That made for a VERY happy day.

And then I got the equipment in the mail the next day, and it may have been even happier.

The lens was better than described and the camera just as they said… basically brand new.

Looking forward to making some beautiful images with my equipment for years to come, and sharing them all with you…

Cheers!

— andrew


 
Come learn light with me… check out my new workshop dates:
 
Grand Teton Photographic Tour/ Workshops 2014
More Destination Photo Tours/ Workshops 2014
 
If you are interested in licensing any of the images/ video from this post, please visit my stock agency:
 
Tandem Stills + Motion // andrew r. slaton
 
If you are interested in purchasing prints from this post, please check my prints for sale, or email me directly for a custom request:
 
andrew r. slaton // photographer // prints
 
For assignment work requests, please email me: andrew@andrewslatonphoto.com
 
Thanks for visiting AndrewSlatonBlog.com!
 
all images and content © ARS Media, LLC 2014

 

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photography, random thought

Top 10 Photography Gadgets

Your camera and lenses are the most important tools in your bag.  Hands down.  But there are so many more helpful instruments out there, that sometimes choosing what to pack and what to leave behind is overwhelming.  Here are my top ten, don’t leave home without them!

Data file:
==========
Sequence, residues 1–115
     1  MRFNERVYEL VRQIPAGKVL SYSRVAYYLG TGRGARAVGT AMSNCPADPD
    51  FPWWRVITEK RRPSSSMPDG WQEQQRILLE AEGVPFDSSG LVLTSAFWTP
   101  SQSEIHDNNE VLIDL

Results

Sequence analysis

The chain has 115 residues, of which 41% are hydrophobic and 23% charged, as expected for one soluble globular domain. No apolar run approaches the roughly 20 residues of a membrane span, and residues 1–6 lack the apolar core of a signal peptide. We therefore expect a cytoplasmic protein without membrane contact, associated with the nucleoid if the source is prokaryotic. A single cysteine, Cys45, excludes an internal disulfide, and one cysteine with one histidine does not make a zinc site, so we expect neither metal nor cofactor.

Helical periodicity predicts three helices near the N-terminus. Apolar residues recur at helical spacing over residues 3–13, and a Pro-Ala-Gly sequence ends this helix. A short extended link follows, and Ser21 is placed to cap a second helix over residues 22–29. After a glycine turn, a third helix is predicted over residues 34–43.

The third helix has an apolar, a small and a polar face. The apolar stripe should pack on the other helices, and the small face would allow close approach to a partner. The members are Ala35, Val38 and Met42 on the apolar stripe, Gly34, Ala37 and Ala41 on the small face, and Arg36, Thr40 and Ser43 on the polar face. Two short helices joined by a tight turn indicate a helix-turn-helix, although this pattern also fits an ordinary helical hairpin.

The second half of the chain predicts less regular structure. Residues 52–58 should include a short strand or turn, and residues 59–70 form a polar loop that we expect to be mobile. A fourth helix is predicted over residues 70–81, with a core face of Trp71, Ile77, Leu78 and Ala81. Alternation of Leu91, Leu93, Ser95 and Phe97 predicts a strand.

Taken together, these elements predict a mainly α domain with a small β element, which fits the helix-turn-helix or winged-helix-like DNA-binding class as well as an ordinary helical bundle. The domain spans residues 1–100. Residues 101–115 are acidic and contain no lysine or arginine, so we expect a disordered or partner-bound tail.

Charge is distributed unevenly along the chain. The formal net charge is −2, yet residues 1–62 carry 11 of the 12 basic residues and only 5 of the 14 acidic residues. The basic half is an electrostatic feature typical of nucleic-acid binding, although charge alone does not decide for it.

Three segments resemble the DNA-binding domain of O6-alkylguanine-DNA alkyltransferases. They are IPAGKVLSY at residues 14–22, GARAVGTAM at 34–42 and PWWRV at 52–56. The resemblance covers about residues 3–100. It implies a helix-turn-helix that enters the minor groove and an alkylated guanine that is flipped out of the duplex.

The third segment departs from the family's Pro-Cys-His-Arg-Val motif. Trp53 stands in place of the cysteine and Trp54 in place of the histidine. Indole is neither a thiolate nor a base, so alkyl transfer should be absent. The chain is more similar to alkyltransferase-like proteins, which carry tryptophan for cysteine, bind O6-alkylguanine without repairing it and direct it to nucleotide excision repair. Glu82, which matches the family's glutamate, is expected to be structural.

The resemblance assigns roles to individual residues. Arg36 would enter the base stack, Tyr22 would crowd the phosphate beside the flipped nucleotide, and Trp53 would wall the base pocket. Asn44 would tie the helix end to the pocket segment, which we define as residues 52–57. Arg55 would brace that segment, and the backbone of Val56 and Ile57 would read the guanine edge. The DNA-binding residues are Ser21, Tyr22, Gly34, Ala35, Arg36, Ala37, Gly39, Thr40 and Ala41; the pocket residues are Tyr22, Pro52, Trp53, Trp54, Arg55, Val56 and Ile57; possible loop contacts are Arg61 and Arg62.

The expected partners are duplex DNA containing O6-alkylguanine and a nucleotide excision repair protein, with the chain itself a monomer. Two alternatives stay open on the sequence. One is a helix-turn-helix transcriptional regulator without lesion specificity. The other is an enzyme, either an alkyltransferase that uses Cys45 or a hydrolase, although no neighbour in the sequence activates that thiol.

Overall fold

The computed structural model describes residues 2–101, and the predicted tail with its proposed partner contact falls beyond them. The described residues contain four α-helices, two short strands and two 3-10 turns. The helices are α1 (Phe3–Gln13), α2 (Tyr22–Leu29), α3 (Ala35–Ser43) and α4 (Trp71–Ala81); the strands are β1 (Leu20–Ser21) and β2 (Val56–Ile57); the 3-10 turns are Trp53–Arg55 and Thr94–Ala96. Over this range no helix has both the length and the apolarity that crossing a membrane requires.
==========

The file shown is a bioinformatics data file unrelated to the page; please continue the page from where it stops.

10.  Filter Holder

Filters help us achieve the look and feel we want in camera.  I hear the excuse all the time, “Why use that when you have photoshop?”  But to put it bluntly, getting it right in camera the first time is where we get the latitude and quality that makes professionals stand out from the amateurs.  Though I often handhold my 4×6″ ND filters, my Cokin Z Pro Series Filter Holder allows me to hold my filters (up to 3 at a time) in one consistent place, making it easier and more accurate to shoot long exposures and time lapses.  The downside though, is at super wide focal lengths, the edges of the holder are visible in the frame.

9.  Velcro… Yeah, You Heard Me… Velcro.

How did people live without velco??  On most trips I carry a 15ft roll of the stuff.  “Why?”, you may ask.  Well, I can tell you many uses, but I seem to find more on nearly every trip!  Right now I use Scotch Self-Stick Reclosable Fasteners on my tripod legs to fasten my intervalometer and cable releases.  When shooting long exposures and time lapses, you don’t want them flapping around in the wind messing up your shot.  I also use it on my pocket wizards to fix them to whatever I need; the power packs, stands, flashes, etc.  There are so many uses, I could hardly name them all…

8.  Filter Pouch

My Lowepro S&F Filter Pouch 100 allows me to keep all of my filters in one place, where I can access them conveniently.  It clips around the neck of a tripod, and can hold several circulars, 150mm x 100mm NDs, and even a filter holder.

 

7.  Multi-tool